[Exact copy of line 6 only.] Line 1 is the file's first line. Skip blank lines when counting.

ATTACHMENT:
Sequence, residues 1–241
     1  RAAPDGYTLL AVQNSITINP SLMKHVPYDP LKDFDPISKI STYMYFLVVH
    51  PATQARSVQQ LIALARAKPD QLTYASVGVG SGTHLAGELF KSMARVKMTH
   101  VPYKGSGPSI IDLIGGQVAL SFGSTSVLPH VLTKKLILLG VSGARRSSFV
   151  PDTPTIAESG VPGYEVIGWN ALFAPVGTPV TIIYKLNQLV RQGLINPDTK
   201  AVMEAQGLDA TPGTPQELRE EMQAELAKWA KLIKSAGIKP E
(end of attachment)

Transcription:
   201  AVMEAQGLDA TPGTPQELRE EMQAELAKWA KLIKSAGIKP E